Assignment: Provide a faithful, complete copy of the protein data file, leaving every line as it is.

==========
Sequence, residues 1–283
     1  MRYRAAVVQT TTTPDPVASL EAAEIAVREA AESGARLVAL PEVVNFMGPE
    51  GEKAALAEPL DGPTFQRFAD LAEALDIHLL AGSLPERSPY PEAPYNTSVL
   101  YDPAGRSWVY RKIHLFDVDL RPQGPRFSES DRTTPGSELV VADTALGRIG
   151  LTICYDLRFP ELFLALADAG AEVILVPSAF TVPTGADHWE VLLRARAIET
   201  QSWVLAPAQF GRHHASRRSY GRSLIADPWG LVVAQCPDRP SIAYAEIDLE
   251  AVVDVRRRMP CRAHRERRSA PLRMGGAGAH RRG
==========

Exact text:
Sequence, residues 1–283
     1  MRYRAAVVQT TTTPDPVASL EAAEIAVREA AESGARLVAL PEVVNFMGPE
    51  GEKAALAEPL DGPTFQRFAD LAEALDIHLL AGSLPERSPY PEAPYNTSVL
   101  YDPAGRSWVY RKIHLFDVDL RPQGPRFSES DRTTPGSELV VADTALGRIG
   151  LTICYDLRFP ELFLALADAG AEVILVPSAF TVPTGADHWE VLLRARAIET
   201  QSWVLAPAQF GRHHASRRSY GRSLIADPWG LVVAQCPDRP SIAYAEIDLE
   251  AVVDVRRRMP CRAHRERRSA PLRMGGAGAH RRG